“This concept of being a moral player or a moral community means that people are a lot more attuned to what they perceive to be immoral behaviours. On the one hand, addressing bigotry is unequivocally a good thing. But sometimes, what constitutes an immoral behaviour is extremely subjective and in the eye of the beholder.” 


The reaction of some of these organisations comes down to their very nature. Daly explains: “If a moral organisation has been accused of discrimination, it carries so much more weight because it’s not just its actions being criticised but its whole identity. It’s very easy for those organisations to react with extreme prejudice to any complaint or concern of discrimination because it is perceived that the gender-critical woman is attacking the institution’s identity.”


Daly had one case that involved a Plc, rather than the likes of universities, think-tanks and barristers’ chambers: “They were an absolute model of what should be done. They got everybody around the table, had a conversation and resolved it. As far as I know, everybody moved away from that much happier for it. When you’re not kind of blinkered, or when you’re not self-defined as a moral organisation, it’s a lot easier to do that.”


The debate has been commonly referred to as a civil war among the left. It also concerns issues people on both sides feel strongly about, such as child-safeguarding, violence against women, and a history of harassment toward LGBTQ+ people. Individuals and institutions’ views on these topics can also be what attracted the employee and employer to each other in the first place. Daly says: “The fact that these people won’t back down from these views and feel so strongly about them is in large part in most cases what attracted them to that organisation in the first place, and what attracted the organisation to them.”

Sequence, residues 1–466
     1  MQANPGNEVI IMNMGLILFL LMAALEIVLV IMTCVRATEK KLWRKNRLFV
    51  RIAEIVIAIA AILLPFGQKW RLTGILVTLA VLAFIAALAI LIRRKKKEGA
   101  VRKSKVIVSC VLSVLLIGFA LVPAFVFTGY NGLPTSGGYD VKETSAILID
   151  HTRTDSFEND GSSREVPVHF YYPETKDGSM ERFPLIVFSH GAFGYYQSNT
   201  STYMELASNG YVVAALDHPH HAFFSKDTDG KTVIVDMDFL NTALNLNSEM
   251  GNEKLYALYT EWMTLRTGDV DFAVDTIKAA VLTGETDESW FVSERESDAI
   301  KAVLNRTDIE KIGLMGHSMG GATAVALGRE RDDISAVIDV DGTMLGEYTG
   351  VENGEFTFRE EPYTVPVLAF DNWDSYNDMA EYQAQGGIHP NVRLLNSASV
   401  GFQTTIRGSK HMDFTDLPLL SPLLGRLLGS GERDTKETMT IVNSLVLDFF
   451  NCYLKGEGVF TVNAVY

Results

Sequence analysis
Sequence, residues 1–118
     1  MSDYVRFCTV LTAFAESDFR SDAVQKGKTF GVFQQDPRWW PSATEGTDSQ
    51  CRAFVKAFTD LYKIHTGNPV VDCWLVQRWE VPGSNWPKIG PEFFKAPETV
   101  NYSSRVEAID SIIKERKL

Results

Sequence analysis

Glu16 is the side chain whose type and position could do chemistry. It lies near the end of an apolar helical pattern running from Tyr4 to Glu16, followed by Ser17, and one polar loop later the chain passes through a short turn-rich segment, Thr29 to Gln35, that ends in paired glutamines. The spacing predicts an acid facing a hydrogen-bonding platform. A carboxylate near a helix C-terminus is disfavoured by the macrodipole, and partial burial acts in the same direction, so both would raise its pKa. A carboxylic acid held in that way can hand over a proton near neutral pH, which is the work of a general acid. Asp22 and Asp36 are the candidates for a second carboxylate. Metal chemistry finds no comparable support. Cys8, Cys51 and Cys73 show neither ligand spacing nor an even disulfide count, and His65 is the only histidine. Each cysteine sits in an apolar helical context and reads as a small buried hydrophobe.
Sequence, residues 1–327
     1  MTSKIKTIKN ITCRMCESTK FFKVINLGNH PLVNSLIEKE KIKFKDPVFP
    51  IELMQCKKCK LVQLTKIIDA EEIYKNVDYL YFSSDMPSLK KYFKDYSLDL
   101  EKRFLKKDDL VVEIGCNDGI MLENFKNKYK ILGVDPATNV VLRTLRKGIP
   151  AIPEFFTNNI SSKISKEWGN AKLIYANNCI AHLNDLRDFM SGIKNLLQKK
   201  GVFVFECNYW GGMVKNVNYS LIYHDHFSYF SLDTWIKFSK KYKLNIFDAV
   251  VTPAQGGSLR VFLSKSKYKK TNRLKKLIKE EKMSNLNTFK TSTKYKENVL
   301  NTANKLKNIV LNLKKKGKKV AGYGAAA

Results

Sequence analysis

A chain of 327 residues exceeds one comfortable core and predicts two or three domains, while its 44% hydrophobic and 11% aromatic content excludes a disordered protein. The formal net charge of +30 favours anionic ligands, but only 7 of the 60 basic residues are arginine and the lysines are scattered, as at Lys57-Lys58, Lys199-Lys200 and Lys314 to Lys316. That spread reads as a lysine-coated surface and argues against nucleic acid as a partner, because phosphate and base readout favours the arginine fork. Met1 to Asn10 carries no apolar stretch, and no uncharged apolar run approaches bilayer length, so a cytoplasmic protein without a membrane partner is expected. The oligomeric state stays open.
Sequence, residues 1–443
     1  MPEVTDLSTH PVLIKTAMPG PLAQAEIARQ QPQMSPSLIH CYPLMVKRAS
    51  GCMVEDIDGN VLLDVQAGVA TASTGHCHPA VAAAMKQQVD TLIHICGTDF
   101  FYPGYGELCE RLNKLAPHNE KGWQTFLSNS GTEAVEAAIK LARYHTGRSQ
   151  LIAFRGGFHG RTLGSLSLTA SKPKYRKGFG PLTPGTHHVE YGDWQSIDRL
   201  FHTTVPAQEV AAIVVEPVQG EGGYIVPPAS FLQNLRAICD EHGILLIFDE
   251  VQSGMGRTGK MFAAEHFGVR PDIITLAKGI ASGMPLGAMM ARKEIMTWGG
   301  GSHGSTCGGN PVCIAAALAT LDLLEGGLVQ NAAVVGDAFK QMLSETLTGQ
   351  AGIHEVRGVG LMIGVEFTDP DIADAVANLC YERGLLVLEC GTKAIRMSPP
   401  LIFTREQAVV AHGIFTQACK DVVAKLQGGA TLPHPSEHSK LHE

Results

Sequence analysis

Although lawyers are doing judicial review cases, these can be extremely expensive. There are still few lawyers doing employment litigation cases, and Daly is undoubtedly the lawyer who has done the most. Daly says that since 2021 he has been trying to encourage lawyers and other firms to get involved in this work: “It’s great work – it’s interesting, ground-breaking and genuinely fascinating. If that’s the kind of thing that floats your boat, then why not do it? For an awful lot of employment and discrimination lawyers, that kind of work is precisely what floats their boat. I’ve been encouraging it, not least because you end up with a better body of law, there are also more brains working on it.”


Daly continues by saying that many of these cases continue to come in: “They are not always in the public domain, either because they settled or because employers genuinely find themselves in a position where they thought they were doing the right thing, and once you explain the litigation risk, they’re open to a conversation.


“The other issue is that there’s no funding for it, you’ve got to crowdfund, meaning you have to go public. Some claimants are happy to do that, and others don’t want to.”


Crowdfunding needs social media, which is where the sex and gender debate is at its most toxic. On Twitter, it is commonplace to be publicly shamed and for individuals to take matters into their own hands when they see a comment that they perceive as discriminatory. Bailey’s tweets on the “cotton ceiling” enraged Twitter transactivists, as did Forstater’s tweets on gender recognition. A Twitter mobbing ensued for University of Sussex professor Kathleen Stock, a case Daly advised on that ended in no litigation and an apology from the university.